This is a pattern that can’t repeat. You’re not gonna do a lot of damage in MLS if you’re giving away 15-30 minutes in the first half. United had this problem last year, too, and we all know how that went.
“To be fair, it was a great week, we prepared so good for this game, we felt very good. But again, the first 15 minutes, we get punched, and that throws away all the preparation,” said Felipe Martins after the game. And that’s true, United did lose their heads a bit thanks to the goal. However, not getting into the groove in that first minute, so you take that “punch” instead of starting on level footing? This team, with this list of injured players, cannot afford to do it again. — Jason Anderson
Get well, get well soon we hope that you get well
Much has been made about D.C. United’s injuries, and it will continue to be a thing until it’s not a thing. But Fredric Brillant looked less than ideal on the first goal, was left in the dust on the second, and appeared to be flailing a little on the last. Only one of his three tackles was successful and he made several recoveries over a bit of ground. Tony Alfaro was a little better, had less of the ball, and wasn’t as strong in the air as Fred, but had a goal to his credit. All of whatever this is said, D.C.’s injury issues push at least one and possibly both of these guys to the bench for improved athleticism.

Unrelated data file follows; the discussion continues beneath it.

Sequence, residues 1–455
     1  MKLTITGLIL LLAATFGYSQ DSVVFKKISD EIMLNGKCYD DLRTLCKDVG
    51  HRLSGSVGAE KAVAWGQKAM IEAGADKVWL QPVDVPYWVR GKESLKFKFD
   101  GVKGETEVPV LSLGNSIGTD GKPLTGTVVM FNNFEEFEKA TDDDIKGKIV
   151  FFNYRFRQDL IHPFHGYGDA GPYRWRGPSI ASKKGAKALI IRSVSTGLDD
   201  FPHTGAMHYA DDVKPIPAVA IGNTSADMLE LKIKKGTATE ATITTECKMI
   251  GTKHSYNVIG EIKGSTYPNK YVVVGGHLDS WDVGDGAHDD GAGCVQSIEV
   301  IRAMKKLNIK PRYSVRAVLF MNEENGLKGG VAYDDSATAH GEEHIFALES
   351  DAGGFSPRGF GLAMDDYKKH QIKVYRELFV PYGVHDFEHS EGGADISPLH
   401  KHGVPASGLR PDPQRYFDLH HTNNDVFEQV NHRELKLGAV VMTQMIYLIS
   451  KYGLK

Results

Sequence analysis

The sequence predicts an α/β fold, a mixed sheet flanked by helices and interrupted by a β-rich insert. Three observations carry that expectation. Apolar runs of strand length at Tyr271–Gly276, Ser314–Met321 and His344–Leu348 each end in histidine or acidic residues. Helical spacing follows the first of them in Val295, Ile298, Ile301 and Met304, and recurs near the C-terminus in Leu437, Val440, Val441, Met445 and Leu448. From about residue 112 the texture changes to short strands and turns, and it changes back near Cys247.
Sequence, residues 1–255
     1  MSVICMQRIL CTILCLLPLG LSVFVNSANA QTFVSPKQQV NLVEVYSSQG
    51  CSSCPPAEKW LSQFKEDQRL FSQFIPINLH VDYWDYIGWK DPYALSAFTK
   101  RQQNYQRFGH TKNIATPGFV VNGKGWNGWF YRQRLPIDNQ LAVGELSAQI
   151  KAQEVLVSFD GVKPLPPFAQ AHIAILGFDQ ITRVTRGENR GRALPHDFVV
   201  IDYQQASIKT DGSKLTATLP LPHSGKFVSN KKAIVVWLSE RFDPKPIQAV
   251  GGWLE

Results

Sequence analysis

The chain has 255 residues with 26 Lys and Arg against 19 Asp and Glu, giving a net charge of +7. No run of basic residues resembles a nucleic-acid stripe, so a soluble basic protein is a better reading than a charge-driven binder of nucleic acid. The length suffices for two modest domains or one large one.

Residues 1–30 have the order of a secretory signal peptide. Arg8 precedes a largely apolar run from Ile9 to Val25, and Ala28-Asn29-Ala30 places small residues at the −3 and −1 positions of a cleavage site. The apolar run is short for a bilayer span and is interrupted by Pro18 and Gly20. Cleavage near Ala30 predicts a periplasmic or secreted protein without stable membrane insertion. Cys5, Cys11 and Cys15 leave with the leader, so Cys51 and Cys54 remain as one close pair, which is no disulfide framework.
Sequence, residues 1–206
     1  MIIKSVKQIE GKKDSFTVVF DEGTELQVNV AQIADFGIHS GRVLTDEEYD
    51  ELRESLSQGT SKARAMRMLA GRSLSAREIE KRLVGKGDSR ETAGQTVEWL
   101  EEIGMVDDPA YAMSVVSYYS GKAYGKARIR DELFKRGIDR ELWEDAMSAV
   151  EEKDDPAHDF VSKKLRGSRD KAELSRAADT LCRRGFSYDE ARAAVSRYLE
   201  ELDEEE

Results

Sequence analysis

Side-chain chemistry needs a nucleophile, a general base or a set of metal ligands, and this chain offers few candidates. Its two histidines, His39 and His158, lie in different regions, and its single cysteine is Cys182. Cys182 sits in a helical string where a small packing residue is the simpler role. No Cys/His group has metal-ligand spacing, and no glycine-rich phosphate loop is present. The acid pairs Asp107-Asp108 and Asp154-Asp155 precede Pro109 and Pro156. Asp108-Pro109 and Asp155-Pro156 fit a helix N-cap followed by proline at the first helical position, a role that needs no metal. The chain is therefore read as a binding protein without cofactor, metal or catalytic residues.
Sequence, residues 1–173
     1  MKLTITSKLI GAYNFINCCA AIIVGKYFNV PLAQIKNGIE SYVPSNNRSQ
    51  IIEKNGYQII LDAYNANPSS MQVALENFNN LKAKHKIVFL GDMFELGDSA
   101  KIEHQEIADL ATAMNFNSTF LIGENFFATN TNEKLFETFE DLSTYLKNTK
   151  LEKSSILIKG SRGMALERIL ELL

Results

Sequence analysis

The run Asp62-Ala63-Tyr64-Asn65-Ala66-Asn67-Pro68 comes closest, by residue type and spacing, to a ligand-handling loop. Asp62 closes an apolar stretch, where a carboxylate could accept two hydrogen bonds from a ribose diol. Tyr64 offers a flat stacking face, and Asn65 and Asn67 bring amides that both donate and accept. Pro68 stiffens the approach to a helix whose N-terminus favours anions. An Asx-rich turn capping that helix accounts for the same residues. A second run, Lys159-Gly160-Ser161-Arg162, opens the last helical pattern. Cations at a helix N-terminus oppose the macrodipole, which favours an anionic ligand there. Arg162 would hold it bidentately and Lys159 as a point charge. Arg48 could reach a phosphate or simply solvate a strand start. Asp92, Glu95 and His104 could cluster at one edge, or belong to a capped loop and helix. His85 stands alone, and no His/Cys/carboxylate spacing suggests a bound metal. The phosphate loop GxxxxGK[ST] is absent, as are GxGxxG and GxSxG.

This statement may be rendered moot by how Steve Birnbaum is progressing and whether he experiences any setbacks, but here’s hoping he doesn’t, nor Donovan Pines, nor Michael DeShields. — Ryan Keefer
This is Jason, and I just wanted to make sure this Losada quote was in this section of the piece:
I told you before the first game that this group was not fit enough. They came back from four months offseason totally unfit, many over-weight. Nobody had control over what the players were doing during those four months, and some of them are paying the price. But 60-70% of the injuries are injuries from the past, injuries that you could avoid with individual programs... But to be honest with you, I’m not planning to change the way we are training or the way we are working. All the departments need to change, need to adapt to our way of work, not the other way around. I guess D.C. United hired me to to make a change, not to keep on doing the things we have been doing for the last ten years.
Let’s talk about Moses Nyeman
If you’ve been listening to Filibuster, you know my benchmark for what United should do with Nyeman has a simple, clear statement: he needs to play 1,000 minutes in MLS this year, even if it means sometimes putting him into games where he’s a little over his head (still don’t think we’ve seen one of those, by the way).